Thursday, July 22, 1999

Early Medieval Athy

The Development of Athy as a military stronghold at the beginning of the 15th Century followed 200 years of its development as a village settlement. This latter development reflected the failure of the anti Irish laws to force the hostile Irish into submission. The Anglo Norman authorities had looked with disfavour on the ever strengthening links between the Irish and the early settlers and it sought to maintain a division between the two by passing anti Irish laws from a very early date. The Parliament of 1297 convened by Sir John Wogan gave expression to the first Anti Irish decrees of the new Rulers.

“English men who have become degenerate in recent times dress themselves in Irish garments and having their heads half shaven, grow their hair from the back of the head which they call the “culan” confirming themselves to the Irish as well in garb as in countenance whereby it frequently happens that Englishmen reputed as Irishmen are slain, although the killing of Englishmen reputed as Irishmen are slain, although killing of Englishmen and of Irishmen requires different modes of punishment. And by such killing matter of enmity and rancour is generated amongst many. The kindred also, as well of the slayer as of the slain, are often by turns struck down as enemies. And therefore it is agreed and granted that all Englishmen in this land wear, at least in that part of the head which presents itself most to view, the mode and tonsure of Englishmen”.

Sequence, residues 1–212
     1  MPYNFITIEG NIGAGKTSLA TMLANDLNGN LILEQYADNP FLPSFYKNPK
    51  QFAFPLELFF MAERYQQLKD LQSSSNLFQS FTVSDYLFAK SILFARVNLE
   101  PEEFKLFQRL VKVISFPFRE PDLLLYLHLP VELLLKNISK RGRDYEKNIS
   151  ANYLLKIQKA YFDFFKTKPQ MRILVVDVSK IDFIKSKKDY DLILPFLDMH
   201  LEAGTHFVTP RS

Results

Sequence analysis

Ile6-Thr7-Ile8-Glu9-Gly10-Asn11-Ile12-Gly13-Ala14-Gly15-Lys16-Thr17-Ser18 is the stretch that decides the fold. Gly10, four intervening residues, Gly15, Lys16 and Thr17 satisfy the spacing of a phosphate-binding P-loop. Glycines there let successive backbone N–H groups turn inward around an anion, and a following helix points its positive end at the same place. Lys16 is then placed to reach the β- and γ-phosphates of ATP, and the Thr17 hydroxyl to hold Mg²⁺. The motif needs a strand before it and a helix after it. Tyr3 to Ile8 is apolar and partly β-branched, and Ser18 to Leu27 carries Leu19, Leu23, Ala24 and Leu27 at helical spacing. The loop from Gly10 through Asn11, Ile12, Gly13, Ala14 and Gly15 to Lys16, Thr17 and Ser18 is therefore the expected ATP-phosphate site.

An interesting account of the disabilities endured by the native Irish is given in a petition of the Irish Chief addressed to Pope John XXII in the latter part of 1317. In the petition the Chiefs complained that the English Courts in Ireland were not available to Irishmen except where the cause of action lay against them, and that the killing of an Irish person, whether lay or religious, by an Englishman was not punishable by the Courts. Even more offensive to the Chiefs was the assertion by the none Irish religious that it was “no more sin to kill an Irishman than a dog or any other brute. And in maintaining this heretical position some monks of theirs affirm boldly that if it should happen to them, as it does often happen, to kill an Irishman, they would not on that account refrain from saying mass, not even for a day”. The Statutes of Kilkenny 1366 were the most outstanding effort by the English rulers to regulate the relations of the Irish and the settlers in Ireland. The Statutes were at once an acknowledgment of the isolation and vulnerability of the strongly fortified Anglo Norman towns and an attempt to regulate their future development untainted by Irish influences. The Anglo Normans were forbidden to marry the Irish, to use Irish laws, or to receive Irishmen into their monasteries. They were enjoined to use English speech and to have English surnames under penalty of attainder. The statutes failed in their purpose because the Anglo Norman towns could not survive without commercial or social intercourse with the native Irish. However, the anti Irish measures did prove detrimental to the growth of the provincial towns. Laws forbidding the sale of corn, salt, iron and victuals to the Irish without a licence served to dampen the enterprise of the early 15th century town merchants while a 1431 Act forbidding them to frequent Irish fairs or markets attempted to cut them off from much needed and readily available sources of supply. While the use of the anti Irish laws fell into disrepute, Athy appears never to have lost its Anglo Norman influence, no doubt due to the oligarchic control of the town which was so typical of Anglo Norman towns of the time. This Anglo Norman influence is reflected in the numerous occasions on which the Irish saw fit to attack its inhabitants. The fact it was an Anglo Irish foundation without any prior Irish influence prompted the Irish to seek its destruction instead of its assimilation into Gaelic Ireland. The isolation of the manorial town of Athy and its proximity to the lands of the O’Mores undoubtedly created a special difficulties for the early Anglo Norman settlers. However their success in maintaining a clear division between themselves and the Irish can be measured by the non gaelic traditions and outlook to be found in the town of Athy long after other similar towns in Ireland had succumbed to Gaelic influences.

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